Chris Messina, one of the first users of Twitter and the person credited with suggesting the hashtag symbol be used to group themes and events, is walking away from the platform.
In a now-private Tweet, Messina left the social media site after his verification checkmark disappeared, citing frustrations with how the company has been run of late.
All tweets have been hidden and his bio now reads “Goodbye” with the wave emoji.
“My choice isn’t about the badge; it’s about everything that lead up to the badge and how it has been handled,” he wrote, according to a report from The Verge. “Whatever Twitter was before deserved more dignity and consideration than it’s received in the last six months.”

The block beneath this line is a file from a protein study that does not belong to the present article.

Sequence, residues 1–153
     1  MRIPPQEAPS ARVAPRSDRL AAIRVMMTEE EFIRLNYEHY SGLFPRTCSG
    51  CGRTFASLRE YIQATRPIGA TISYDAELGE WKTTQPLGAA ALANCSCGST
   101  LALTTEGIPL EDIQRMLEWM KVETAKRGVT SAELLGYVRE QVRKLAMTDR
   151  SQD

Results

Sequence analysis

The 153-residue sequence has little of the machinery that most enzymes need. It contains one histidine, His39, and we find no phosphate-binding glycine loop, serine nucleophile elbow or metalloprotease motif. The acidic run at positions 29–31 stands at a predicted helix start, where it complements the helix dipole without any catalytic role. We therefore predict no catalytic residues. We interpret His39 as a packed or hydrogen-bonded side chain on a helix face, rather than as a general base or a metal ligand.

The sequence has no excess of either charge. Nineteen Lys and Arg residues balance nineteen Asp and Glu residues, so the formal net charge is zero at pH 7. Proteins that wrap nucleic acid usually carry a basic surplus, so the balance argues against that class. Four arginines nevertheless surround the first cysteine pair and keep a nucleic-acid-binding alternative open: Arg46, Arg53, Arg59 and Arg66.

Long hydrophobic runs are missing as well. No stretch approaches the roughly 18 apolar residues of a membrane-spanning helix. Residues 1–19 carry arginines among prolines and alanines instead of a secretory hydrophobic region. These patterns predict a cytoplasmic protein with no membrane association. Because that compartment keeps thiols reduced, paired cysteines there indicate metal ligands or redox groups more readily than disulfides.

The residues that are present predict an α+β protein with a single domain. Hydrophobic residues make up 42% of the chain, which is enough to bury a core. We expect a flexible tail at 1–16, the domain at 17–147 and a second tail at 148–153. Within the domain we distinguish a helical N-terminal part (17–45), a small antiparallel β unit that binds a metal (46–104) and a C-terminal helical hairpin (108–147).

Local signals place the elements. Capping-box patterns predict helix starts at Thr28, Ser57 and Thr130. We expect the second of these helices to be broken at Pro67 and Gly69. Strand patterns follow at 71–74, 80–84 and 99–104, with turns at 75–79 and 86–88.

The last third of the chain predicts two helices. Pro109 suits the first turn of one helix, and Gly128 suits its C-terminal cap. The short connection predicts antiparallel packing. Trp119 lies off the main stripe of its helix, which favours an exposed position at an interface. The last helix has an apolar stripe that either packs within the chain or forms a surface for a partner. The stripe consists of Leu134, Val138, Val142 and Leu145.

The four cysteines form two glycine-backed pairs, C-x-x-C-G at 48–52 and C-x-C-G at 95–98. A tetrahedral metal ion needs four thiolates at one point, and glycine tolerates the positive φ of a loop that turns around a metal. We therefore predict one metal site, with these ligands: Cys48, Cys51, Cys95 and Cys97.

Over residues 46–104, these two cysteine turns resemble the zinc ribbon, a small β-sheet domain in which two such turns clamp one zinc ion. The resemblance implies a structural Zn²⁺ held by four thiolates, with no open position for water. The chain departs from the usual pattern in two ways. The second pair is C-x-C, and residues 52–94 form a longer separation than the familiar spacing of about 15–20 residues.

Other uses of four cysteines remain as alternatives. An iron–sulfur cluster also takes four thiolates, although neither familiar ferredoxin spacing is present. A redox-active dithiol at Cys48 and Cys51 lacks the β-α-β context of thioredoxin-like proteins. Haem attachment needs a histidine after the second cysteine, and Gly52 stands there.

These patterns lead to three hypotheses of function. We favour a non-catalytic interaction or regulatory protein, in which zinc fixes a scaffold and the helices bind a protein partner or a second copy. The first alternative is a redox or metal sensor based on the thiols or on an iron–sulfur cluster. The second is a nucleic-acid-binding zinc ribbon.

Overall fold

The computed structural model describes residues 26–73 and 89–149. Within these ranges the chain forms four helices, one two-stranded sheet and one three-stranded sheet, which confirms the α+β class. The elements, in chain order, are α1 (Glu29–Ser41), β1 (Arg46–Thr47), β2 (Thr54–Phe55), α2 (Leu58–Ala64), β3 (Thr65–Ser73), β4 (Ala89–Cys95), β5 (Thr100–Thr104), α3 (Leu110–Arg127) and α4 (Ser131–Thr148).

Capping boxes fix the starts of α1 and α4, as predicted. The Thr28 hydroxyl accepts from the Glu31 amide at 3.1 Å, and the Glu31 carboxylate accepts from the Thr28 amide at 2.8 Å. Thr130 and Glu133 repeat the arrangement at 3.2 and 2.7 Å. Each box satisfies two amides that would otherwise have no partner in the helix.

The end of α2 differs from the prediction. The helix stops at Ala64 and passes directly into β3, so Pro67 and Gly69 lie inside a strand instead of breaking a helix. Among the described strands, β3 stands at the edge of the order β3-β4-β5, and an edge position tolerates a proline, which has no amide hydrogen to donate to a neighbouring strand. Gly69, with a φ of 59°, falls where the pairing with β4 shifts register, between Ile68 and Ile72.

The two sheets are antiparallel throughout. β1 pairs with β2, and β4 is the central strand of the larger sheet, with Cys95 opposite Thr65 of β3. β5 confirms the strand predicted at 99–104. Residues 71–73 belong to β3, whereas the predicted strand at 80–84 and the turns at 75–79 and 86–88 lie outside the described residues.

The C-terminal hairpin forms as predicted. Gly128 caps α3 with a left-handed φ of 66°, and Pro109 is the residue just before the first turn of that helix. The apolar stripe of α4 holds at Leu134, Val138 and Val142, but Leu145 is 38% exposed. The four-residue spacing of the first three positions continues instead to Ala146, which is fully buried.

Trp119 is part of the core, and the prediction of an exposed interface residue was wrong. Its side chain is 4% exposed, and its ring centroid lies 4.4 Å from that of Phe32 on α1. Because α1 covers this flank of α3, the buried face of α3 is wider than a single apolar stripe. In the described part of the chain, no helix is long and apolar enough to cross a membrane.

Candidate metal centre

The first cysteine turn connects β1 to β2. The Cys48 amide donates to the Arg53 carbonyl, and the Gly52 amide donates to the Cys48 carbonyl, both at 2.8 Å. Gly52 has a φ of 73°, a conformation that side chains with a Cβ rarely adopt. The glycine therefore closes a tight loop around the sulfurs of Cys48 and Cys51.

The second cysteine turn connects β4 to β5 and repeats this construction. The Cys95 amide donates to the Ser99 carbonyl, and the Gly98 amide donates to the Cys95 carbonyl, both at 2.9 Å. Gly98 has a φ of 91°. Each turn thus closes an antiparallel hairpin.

His departure is unlikely to be mourned by Twitter’s current owner Elon Musk, who has been outspoken about his dislike of hashtags in the past.
He wasn’t the first Twitter owner to have less than fond feelings about the phenomenon.
Messina made the initial suggestion on Aug. 23, 2007, writing up a blog post two days later to flesh out his thoughts on the idea. The site wasn’t too keen on the idea, with cofounder Evan Williams going so far as to tell Messina that hashtags were too niche to go mainstream.
They caught on anyway—and by 2009, Twitter gave in and formally adopted them, creating the Trending Topics area soon afterward.
Hashtags, though, weren’t through evolving, eventually walking the line of parodying themselves as people overused them (something Messina discouraged), but still remaining incredibly relevant on major social issues, such as the #MeToo and #BlackLivesMatter movements.
Other social media outlets have since adopted their use as well, perhaps none more so than Instagram.